Monday, February 28, 2011

Public Pension and Healthcare Costs and Financial Common Sense

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If we set aside ideological biases and seek financial common sense, we can see that the public sector costs are simply unsustainable.

I'm going to ask you to do something very difficult before reading further: please leave your ideological biases, certainties and emotions at the door, for the goal here is Financial Common Sense, something which is in desperately short supply in the "debate" over public employees and their unions, taxes and State budgets.

Let's scrape away all the ideological baggage and just look at the numbers, shall we? If you must assign a point of view, then let's take the POV of someone who is, broadly speaking, sympathetic to unions and wants to "do the right thing" but who is also a private sector worker who has seen his/her income and assets fall in the past three years even as inflation, official and otherwise, has further eroded the purchasing power of his/her stagnant income. As a result, paying higher taxes is a direct reduction in disposable income and thus a serious sacrifice.

There are about 106 million private sector wage earners and about 24 million public sector employees in the U.S. for a total of about 130 million jobs.

Here is a graph of the GDP growth of the U.S. since 2000. Broadly speaking, GDP grwoth is the foundation of higher taxes and higher incomes. If GDP is flat, then household incomes are also flat. The State (broadly speaking, all government) cannot increase taxes above the growth rate of the GDP without crimping private-sector households.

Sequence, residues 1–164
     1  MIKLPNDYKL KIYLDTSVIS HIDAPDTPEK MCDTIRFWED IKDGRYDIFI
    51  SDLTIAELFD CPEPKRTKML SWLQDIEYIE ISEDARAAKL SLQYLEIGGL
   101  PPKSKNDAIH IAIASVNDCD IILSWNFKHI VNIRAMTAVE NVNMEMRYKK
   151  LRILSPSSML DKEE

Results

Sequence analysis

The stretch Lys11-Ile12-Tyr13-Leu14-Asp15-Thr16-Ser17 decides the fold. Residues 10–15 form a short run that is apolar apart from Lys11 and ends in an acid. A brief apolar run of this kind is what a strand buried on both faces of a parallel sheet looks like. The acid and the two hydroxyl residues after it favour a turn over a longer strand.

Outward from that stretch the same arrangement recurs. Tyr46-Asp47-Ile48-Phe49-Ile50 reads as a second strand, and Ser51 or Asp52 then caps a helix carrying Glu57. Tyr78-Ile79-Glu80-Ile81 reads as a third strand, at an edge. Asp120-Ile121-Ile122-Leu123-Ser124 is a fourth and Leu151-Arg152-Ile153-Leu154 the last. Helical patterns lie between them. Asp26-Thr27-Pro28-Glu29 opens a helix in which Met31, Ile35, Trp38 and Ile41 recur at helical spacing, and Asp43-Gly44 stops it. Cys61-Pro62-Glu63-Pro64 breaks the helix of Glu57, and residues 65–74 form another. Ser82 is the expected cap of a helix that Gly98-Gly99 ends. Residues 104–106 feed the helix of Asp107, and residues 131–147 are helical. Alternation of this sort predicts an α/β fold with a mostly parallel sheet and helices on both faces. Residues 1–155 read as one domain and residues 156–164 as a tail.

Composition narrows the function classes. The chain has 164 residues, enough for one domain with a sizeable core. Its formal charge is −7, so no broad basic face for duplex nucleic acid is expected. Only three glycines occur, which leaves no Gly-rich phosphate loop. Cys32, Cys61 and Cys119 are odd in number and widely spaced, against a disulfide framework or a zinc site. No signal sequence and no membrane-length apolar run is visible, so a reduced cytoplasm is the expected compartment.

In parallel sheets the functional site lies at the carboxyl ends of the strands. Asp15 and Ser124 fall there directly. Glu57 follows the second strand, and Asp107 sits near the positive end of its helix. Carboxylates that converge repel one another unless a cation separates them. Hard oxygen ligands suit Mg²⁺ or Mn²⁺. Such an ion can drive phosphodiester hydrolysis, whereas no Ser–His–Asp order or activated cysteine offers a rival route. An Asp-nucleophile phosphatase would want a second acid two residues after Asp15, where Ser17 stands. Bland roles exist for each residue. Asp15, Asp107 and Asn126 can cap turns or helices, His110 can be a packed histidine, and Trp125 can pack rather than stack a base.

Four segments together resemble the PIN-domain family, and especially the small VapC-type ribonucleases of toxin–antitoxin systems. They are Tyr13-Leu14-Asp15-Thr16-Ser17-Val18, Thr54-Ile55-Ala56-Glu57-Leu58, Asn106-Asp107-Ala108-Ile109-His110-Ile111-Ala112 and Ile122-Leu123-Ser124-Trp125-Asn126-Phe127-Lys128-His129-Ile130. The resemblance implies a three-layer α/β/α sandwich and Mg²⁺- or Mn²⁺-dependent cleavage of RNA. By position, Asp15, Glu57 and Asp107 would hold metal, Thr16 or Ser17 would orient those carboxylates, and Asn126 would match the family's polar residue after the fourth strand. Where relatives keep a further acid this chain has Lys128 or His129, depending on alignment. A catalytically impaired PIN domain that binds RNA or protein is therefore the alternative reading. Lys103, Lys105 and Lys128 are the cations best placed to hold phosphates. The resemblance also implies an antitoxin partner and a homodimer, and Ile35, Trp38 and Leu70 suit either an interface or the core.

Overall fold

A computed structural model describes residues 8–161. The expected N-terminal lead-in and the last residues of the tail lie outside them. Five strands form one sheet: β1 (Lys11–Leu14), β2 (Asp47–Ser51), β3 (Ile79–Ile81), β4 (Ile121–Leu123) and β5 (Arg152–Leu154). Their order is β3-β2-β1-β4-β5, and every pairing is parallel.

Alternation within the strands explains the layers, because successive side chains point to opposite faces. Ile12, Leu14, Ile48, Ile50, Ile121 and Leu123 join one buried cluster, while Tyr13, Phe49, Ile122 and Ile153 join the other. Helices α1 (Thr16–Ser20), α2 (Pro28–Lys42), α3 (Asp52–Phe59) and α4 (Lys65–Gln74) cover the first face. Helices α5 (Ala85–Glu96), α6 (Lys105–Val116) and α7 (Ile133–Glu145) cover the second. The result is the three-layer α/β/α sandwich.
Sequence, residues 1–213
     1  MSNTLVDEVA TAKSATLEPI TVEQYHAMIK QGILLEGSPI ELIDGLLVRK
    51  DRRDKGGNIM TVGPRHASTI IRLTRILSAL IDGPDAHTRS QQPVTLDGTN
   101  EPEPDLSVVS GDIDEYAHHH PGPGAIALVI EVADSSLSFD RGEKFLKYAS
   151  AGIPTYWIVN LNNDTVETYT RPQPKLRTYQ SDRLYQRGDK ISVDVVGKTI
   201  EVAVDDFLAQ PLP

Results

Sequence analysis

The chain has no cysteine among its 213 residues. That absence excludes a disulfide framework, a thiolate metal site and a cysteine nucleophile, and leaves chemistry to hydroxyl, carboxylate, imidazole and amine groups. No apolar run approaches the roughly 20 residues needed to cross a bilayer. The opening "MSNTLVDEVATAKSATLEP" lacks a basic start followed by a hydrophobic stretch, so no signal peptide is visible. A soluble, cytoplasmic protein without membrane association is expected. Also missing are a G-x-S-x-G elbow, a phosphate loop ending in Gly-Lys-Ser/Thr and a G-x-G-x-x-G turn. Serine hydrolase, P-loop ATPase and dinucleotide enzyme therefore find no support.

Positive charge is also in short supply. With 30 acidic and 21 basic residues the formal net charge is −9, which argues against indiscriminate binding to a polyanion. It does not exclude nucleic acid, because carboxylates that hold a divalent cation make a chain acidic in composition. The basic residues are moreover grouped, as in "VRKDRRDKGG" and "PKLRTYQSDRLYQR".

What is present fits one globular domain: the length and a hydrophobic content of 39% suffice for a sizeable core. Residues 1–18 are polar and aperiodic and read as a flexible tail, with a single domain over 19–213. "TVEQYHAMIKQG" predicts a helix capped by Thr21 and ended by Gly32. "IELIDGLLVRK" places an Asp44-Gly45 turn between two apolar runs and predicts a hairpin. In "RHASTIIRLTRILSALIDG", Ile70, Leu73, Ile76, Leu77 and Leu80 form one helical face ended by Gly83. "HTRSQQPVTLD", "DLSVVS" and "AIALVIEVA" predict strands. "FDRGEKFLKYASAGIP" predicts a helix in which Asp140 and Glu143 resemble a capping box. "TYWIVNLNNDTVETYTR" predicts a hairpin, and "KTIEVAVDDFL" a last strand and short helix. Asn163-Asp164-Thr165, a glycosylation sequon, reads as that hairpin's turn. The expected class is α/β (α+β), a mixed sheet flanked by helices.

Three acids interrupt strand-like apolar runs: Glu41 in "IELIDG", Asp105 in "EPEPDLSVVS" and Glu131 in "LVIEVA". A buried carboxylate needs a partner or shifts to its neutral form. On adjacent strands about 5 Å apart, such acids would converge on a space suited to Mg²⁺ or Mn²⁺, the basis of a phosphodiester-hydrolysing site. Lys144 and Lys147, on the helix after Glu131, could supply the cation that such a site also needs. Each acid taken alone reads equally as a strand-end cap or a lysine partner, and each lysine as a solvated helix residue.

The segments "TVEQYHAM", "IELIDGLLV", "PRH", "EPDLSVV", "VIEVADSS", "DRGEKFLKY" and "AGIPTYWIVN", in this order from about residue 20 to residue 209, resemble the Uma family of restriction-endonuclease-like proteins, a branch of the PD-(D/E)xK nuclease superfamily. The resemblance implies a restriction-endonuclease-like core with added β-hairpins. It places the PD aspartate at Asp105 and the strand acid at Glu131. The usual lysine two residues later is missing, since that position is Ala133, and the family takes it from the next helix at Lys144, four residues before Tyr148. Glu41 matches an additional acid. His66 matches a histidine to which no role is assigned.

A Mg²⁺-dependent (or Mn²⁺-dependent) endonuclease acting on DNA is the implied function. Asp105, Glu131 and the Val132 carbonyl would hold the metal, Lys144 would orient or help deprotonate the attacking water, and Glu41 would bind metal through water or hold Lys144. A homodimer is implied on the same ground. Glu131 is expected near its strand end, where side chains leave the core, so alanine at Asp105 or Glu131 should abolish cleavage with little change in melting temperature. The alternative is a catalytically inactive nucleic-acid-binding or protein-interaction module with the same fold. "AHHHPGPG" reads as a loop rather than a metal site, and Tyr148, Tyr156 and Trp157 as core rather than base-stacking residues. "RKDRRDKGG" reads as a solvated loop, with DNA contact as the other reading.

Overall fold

For context on Central State borrowing (Federal deficits): Here are the deficits of the past three years, and the estimated shortfalls for fiscal years 2011 and 2012:

2008: $458 billion
2009: $1.4 trillion
2010: $1.3 trillion
2011: $1.5 trillion (est.)
2012: $1.6 trillion (est.)

(CBO estimate for 2011)

total: $6.258 trillion in five years.

And this isn't even the real total being added to the national debt, as "supplemental appropriations" for war costs and other large expenditures are "off budget" and not included in the "official" Federal deficit. The same is also true of funds appropriated to bail out mortgage giants Freddie Mac and Fannie Mae and other financial institutions. (source)

This is why gross debt increased by $1 trillion fiscal year 2008, $1.9 trillion in 2009 and $1.7 trillion in 2010—considerably higher than the "official" deficit numbers. This is roughly 11.5% of the nation's GDP, and $4.6 trillion in a mere three years.

Note that the 2009 $787 billion Stimulus Spending runs its course in 2011 (a few billion remain to be spent in 2012 and beyond) and the hated TARP bailout of banks and Wall Street officially ended in 2010. So higher spending and deficits in 2012 cannot be attributed to "recessionary" spending measures. (Recall that the recession officially ended in August 2009.)